Culture is a much-discussed topic that has been bandied about and espoused in corporate and investor circles seemingly all over the world, transcending both borders and language barriers. Basically, a startup’s culture is the kind of environment that its members and employees work in. Every company, organization and startup has its own culture that defines the way it does things, its visions and goals, its beliefs and core values. Defining your startup’s culture very early on will shape how it is run and the direction that it is headed to, and will lay the foundation and building blocks necessary for it to achieve success later on.
Not only does your startup’s culture matter for its performance and success, it is also of utmost importance for your team members, workers, and clients and customers too. Studies have shown that employees and workers are increasingly placing more importance on a company’s core values and culture as a key factor in determining which companies and organizations to work for. Conversely, organizations and businesses with weak company cultures are more likely to experience employee turnover as dissatisfied workers leave for greener pastures, even if it means accepting lower pay to work for a company whose culture they resonate deeply with. As well, a startup’s culture affects how its employees will treat customers and clients, so a startup that treats its employees and workers with dignity and respect will have those same values reflected in its employee and customer/client interactions.
Your active engagement as a founder is key to determining the type of culture your startup wants to adopt. From the very first day your startup is established, you should make it a top priority to set in place the right practises and core values that you wish to adopt for it. By establishing the proper environment for your startup early on, you lay a solid groundwork for your nascent company to be built on. Your startup’s culture will significantly impact the kind of talent that it attracts, so keep that in mind if you wish to hire the best available talent. For example, certain startups and companies offer flexible work schedules and remote work along with perks such as open, customized work spaces to encourage a relaxed, balanced work environment that appeals to the younger generation of talent. It is much harder to change your startup’s ways and environment once it has already been running for a few years, so establishing a clear, strong cultural identity early on is very crucial.
Netflix, besides being one of the most well-known streaming services around, is also famous for another achievement: the culture deck. In 2009 the company’s then-chief talent officer, Patty McCord, and its chief executive officer, Reed Hastings, created an online deck of 125 slides that detailed the company’s philosophy, core values and beliefs. Netflix’s ingenious creation has since been designated as a culture deck, and some have come to regard it as being one of the most significant documents that Silicon Valley has ever produced. Quite simply, as Patty McCord put it, they just wrote it down. By giving form to your startup’s culture in words and phrases, you effectively create a medium that acts as a valuable reference point for your team members and employees to come back to, as well as conveying your organization’s values and beliefs to customers, clients and potential talents alike so they are able to gain a better understanding and insight of what your startup is about.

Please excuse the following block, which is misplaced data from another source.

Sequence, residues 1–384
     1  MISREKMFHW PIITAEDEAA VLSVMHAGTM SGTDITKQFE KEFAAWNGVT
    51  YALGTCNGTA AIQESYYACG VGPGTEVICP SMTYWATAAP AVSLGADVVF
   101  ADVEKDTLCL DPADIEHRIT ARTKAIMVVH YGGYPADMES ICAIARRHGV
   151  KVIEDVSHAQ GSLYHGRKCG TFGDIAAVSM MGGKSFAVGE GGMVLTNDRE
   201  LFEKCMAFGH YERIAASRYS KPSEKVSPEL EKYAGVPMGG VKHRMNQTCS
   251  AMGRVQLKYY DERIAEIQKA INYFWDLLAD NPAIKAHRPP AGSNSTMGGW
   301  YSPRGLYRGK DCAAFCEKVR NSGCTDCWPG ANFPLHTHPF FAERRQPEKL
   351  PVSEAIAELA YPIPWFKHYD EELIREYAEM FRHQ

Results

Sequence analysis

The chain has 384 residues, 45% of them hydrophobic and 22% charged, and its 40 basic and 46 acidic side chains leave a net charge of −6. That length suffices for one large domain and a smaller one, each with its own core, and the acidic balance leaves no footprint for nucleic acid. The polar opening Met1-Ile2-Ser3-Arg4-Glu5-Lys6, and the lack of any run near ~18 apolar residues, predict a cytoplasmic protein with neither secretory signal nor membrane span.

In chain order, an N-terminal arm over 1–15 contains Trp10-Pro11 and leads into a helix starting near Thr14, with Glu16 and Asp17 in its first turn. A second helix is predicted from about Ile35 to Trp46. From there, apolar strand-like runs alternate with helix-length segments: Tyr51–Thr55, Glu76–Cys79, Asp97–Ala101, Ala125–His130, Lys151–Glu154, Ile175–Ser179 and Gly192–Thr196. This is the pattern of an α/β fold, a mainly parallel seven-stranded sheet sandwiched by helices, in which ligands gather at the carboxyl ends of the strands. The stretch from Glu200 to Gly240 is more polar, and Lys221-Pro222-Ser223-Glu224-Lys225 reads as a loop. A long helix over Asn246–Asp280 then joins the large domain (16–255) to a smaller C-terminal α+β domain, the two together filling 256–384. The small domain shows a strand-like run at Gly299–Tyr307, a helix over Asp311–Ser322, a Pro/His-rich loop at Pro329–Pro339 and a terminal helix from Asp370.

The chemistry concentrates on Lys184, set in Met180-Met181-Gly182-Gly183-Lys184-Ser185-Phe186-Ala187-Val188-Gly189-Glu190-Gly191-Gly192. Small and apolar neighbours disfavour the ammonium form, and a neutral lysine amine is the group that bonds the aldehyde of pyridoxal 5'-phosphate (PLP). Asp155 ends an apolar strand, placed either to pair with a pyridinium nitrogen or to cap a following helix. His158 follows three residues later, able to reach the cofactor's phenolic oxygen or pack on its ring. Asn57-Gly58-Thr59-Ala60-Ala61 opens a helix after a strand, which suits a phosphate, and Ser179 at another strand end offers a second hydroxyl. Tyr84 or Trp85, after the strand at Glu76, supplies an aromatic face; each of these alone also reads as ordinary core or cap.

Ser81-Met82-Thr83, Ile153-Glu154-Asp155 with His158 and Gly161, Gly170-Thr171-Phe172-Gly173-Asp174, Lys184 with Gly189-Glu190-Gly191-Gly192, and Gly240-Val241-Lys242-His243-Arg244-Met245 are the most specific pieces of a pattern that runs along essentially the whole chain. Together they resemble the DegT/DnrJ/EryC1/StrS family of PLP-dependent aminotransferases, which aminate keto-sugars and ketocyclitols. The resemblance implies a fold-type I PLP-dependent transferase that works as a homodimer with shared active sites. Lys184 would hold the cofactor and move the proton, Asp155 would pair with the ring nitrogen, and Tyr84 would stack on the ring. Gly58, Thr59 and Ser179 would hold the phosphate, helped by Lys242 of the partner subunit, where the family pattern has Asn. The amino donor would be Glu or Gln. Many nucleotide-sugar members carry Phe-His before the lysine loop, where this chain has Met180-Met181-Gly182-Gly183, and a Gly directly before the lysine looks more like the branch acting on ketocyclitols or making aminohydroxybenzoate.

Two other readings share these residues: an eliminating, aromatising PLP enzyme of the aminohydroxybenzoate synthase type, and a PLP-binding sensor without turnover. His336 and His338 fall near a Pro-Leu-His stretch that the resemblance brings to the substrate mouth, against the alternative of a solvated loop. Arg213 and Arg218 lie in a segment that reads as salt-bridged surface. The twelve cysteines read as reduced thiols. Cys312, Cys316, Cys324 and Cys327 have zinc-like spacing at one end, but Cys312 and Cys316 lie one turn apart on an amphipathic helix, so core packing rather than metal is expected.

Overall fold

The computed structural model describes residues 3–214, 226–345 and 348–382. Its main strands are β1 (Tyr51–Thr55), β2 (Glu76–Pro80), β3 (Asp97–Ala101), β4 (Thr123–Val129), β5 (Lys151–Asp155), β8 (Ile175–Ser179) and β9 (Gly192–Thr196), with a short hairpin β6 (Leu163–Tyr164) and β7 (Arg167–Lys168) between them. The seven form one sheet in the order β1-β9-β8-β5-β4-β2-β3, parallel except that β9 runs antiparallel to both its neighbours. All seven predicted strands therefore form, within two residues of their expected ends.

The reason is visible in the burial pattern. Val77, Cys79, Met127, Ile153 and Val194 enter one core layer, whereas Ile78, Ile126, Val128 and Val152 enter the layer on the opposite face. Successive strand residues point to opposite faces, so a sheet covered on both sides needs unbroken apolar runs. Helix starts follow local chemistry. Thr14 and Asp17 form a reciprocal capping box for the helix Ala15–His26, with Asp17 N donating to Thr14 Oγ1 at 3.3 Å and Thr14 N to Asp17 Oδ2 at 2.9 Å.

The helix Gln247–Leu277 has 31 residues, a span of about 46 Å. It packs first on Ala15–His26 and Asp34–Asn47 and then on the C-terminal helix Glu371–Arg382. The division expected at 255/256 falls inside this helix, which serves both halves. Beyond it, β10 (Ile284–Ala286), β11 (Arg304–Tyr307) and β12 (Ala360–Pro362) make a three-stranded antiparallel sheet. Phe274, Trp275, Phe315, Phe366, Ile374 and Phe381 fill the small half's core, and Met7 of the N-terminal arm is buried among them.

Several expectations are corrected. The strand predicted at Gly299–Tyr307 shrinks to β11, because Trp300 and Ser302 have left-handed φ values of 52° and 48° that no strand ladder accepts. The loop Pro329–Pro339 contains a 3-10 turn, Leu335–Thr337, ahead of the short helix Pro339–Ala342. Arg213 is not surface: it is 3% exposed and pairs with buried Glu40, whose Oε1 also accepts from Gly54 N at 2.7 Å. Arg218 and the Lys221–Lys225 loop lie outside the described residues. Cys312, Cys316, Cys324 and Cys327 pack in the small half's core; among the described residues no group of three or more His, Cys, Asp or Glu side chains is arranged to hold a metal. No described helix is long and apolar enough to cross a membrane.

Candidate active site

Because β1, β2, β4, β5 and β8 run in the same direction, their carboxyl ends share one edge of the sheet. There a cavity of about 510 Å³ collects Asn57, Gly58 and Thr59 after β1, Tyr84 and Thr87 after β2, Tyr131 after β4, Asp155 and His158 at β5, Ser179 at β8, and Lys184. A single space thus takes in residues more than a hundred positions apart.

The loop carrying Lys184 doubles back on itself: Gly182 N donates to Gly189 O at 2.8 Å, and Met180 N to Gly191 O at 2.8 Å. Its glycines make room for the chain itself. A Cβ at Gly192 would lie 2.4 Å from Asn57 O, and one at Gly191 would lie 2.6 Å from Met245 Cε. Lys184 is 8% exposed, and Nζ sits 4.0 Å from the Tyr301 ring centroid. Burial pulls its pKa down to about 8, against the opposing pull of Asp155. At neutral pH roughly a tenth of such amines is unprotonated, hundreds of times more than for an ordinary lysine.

Besides formulating a set of core values, beliefs and a vision for your startup, you should consider putting in place a system of corporate governance, which is simply the system by which your startup is directed and controlled. For most startups this means establishing a formal board of directors to set the proper structure and framework in place for the company to run in, though some quarters have suggested that a formal board is not required for startups that are newly formed with very little or no funds raised. Having a clear and strong system of corporate governance also boosts investor confidence besides producing a positive impact on your startup’s valuation.
Your startup’s culture will ultimately define its values, work environment and the direction it wants to go. By shaping and defining the culture early on and putting it into words in a culture deck, and establishing a strong and well-defined system of corporate governance, you create a firm and solid foundation for your startup that will enable it to hire the talent that best fits your company as well as to achieve its vision and goals more capably and efficiently.